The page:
The 42 Imperative -- 42a -- Help make a simple Base-63 convertor?

Rule: Strictly simple character substitution (+ maths if needed)

Base (note): My Base-63 = regex [A-Za-z0-9\s] = 26+26+10+1 = 63

Method: I suggest simple Caesarian Substitution

Prohibited: NO JavaScript allowed

Prize: A large sandwich. Or Amazon gift of $20

Submission: (i) Here, with code to try on a TW. (ii) With an example.

Proofs: (i) What is 1000 (decimal) in (my) Base-63? (ii) What is 1000 (Base-63) in decimal? (easy-peasy)

Ever hopeful

There seems to be a curveball that makes this not “easy-peasy” — if we pay attention to the fact that you’ve apparently not put the 0 and 1 in their intuitive place at the beginning of the series, but in positions 53 and 54. So 1000 (by that ordering) would cash out to 54*63^3 + 53*63^2 + 53*63 + 53. :crazy_face:

But if you meant it to work more like hexadecimal ordering regex [0-9A-Za-z\s], then part 2 gets us a simple 250047. :slight_smile:

Right. Unintended.

The issue that arises is CONVENTIONS on Base-Notation above 26 (simple a-z) + (0-9) go peculiar (above base-36) … StackO.

My puzzle needs more clarity.
So: back to the drawing board for me to control the process better.

It’s funny, I didn’t even consider that the regex suggested digit ordering. I just assumed that it was "0123456789ABCDEFGHIJKLMNOPQRSTUVWXYZabcdefghijklmnopqrstuvwxyz ".split('')

I haven’t tried the problem, although I did write JS functions to handle this for the limited range of JS Numbers:

const base = (...cs) => {
  const to = (n) => n < 0 ? [''] : n == 0 ? cs[0] : to(~~(n / cs.length)) + cs[n % cs.length]
  const fromBase = (ds) => [...ds].reduce((a, d) => cs.length * a + cs.indexOf(d), 0)
  return {
    toBase: n => to(n).replace(/^0/, '').replace(/^$/, cs[0]),
const {toBase: toBase63, fromBase: fromBase63} = 
  base(...'0123456789ABCDEFGHIJKLMNOPQRSTUVWXYZabcdefghijklmnopqrstuvwxyz ')

console.log(toBase63(1000))        //=> "Ft"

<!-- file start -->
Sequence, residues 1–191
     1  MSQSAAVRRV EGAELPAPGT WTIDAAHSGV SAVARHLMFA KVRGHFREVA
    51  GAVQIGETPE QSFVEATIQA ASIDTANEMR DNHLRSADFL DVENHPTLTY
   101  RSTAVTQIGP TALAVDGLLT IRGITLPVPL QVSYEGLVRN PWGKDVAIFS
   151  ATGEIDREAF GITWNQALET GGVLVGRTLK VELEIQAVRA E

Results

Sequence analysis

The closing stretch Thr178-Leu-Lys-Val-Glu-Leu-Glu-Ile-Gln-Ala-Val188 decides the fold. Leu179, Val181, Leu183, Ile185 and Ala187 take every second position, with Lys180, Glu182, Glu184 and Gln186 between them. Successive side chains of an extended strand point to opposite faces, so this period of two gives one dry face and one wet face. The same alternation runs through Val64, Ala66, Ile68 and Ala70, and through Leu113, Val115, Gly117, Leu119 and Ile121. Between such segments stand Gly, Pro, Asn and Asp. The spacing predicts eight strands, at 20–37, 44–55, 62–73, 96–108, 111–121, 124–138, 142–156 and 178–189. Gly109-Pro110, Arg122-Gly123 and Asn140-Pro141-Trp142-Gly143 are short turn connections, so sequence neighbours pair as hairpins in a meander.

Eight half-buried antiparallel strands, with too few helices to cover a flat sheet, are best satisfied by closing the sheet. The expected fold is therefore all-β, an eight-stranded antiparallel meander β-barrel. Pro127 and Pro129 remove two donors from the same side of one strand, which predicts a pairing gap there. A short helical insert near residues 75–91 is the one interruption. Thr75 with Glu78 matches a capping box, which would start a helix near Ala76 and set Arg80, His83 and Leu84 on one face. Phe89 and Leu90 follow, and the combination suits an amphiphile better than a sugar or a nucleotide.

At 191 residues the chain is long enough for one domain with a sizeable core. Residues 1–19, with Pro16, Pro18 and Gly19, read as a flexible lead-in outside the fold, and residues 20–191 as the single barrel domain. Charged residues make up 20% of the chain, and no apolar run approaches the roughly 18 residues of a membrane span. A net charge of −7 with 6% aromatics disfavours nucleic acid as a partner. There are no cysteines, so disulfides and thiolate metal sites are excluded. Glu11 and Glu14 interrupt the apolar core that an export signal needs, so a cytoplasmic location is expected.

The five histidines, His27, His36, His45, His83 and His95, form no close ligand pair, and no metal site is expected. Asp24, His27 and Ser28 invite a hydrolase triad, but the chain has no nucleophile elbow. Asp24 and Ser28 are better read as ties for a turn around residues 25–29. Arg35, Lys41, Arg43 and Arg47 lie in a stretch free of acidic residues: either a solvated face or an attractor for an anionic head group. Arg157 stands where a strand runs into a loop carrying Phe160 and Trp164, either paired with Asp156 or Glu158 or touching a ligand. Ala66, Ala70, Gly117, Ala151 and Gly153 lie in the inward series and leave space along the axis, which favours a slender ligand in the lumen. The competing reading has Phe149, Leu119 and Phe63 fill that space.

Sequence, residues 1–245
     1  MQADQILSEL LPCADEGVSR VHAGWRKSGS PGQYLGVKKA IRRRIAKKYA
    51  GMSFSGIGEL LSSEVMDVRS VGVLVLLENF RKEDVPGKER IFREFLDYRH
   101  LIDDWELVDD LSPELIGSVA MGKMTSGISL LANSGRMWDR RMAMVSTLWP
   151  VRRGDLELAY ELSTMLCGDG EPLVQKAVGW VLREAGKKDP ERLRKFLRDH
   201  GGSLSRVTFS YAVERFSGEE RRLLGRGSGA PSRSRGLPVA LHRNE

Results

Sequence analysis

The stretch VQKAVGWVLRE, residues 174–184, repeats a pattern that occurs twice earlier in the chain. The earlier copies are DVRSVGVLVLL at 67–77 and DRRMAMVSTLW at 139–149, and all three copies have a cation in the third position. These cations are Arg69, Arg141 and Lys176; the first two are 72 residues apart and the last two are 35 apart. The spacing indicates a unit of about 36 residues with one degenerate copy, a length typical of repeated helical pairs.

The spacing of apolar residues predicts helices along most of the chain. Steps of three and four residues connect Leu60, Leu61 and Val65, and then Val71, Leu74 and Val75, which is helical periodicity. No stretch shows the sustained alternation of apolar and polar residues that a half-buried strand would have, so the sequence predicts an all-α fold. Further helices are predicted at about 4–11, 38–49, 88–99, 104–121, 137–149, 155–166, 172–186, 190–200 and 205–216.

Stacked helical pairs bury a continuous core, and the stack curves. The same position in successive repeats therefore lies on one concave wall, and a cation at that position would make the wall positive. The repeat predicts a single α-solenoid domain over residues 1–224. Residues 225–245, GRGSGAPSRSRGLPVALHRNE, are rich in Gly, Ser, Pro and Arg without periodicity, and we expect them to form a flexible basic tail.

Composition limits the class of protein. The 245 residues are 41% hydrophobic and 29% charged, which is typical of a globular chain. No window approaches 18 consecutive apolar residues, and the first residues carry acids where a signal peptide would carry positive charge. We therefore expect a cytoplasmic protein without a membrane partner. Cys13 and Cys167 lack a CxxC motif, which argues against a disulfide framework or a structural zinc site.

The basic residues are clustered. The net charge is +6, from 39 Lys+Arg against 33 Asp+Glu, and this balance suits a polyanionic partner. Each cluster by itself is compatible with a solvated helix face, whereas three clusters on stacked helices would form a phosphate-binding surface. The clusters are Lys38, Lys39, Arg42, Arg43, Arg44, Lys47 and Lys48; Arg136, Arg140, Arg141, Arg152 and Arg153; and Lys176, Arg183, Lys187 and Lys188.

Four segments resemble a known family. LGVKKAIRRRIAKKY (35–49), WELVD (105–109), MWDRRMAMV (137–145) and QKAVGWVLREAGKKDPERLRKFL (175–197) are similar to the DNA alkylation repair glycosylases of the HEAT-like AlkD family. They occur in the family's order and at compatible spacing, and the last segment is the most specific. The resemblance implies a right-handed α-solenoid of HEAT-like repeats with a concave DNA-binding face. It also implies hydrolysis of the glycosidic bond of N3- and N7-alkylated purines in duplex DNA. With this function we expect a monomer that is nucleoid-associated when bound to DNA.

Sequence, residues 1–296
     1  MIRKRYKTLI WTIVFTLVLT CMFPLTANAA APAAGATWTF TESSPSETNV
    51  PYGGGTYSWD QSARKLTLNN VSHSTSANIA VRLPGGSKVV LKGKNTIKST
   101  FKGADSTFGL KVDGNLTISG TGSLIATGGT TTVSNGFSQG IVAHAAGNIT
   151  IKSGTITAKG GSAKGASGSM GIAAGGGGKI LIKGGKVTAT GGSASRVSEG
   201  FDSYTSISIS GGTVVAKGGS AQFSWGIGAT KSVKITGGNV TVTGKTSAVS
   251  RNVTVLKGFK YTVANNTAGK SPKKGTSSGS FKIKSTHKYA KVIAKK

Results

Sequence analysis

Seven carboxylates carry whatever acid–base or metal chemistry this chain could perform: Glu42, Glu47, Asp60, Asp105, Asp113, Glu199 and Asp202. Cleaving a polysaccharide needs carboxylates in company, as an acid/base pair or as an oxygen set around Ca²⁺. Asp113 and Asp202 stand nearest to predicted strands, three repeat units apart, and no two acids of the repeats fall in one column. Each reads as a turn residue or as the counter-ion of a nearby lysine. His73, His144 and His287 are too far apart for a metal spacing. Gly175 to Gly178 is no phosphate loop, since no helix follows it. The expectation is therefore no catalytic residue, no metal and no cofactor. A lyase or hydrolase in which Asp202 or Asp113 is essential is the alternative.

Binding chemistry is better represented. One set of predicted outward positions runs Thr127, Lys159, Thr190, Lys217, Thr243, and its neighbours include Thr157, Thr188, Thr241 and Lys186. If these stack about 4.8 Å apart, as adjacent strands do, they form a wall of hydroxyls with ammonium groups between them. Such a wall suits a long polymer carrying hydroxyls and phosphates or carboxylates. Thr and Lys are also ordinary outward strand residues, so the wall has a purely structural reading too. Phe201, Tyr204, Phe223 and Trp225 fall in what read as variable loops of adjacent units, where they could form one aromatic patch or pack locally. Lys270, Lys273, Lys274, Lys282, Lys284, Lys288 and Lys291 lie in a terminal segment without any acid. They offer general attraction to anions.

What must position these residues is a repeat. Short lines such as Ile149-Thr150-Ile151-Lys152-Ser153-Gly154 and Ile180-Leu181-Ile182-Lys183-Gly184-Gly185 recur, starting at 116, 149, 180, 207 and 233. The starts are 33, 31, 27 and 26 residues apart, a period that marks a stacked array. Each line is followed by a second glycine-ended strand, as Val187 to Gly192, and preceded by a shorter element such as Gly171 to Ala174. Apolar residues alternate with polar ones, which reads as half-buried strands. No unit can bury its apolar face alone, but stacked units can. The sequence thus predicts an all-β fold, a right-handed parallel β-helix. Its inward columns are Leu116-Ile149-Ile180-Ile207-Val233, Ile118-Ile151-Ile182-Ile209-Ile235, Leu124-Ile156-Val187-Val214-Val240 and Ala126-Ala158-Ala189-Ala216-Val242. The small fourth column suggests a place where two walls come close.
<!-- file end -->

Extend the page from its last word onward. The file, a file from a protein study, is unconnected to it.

console.log(fromBase63('Ft'))      //=> 1000
console.log(toBase63(11497570248)) //=> "Base63"

If I find some time, I will see if I can do this in wikitext, but it’s not exactly high priority.

I have done this previously specifically to compress large numbers.

All you need in the array as Scott illustrated

Then use the remainder[] operator eg;

  • {{{ [[59]remainder[63]] }}} 59
  • {{{ [[70]remainder[63]] }}} 7

You have to handle the numbers greater than 63 eg above 70 becomes 07, Which

There is more to this of course

A very minor correction: there should be a space at the end of that string. TiddlyTweeter’s digits included the decimal digits, the capital letters, the lower-case letters, and the space.

This means, for instance, that

toBase63(2708110998568296910813949) //=> "A large number"
fromBase63('A large number')        //=> 2708110998568296910813949

To do this with such large numbers in JS, and hence in Tiddlywiki, you’d have to switch from plain numbers to BigInt. That would make it difficult to deal with in TW for large inputs.

Base64, over whatever alphabet, is much easier to deal with, as you can easily compress any length input, replacing every three-byte set with four base-64 digits.

1 Like

Right. The idea is: “A-Z. a-z. 0-9, space” = 63, not 64.

I do feel beholden to anyone who is interested.

Are you looking to convert only numbers, or arbitrary text? If the latter, can you explain the circumstances where this would do, but base-64 wouldn’t? Because that’s built in.

Merely text substitution. The Caesar Method.
I find base-63 interesting because it isn’t 64. 64 is another world. 63 is still palpable.

Something like that.


I am only looking at this from an arbitrary character set for base N, without JavaScript or Regular expressions. I am happy with 10+26+26, 0-9, A-Z, a-Z = 62

  • The occasion for me to use it was to compress a decimal number so it would make a somewhat large decimal number into a much shorter alphanumeric number, not unlike Decimal to Hexadecimal but on steroids.
    • The value was to use less bytes than more.
  • Because the character set can be arbitary I would personally not use space, so there is no need to treat it like a title.

Although you’d mentioned a cipher before, I had basically ignored it, following up on base-63, assuming you meant it like base-2, base-10, or base-16.

I certainly know how Caesarian ciphers work: pretty well the simplest encoding scheme known. But it’s not clear to me what you’re looking to do. Do you simply want to be able to en/decode something using a fixed shift on your alphabet? What do you want to en/decode: the text of a given tiddler, an arbitrary string, something else?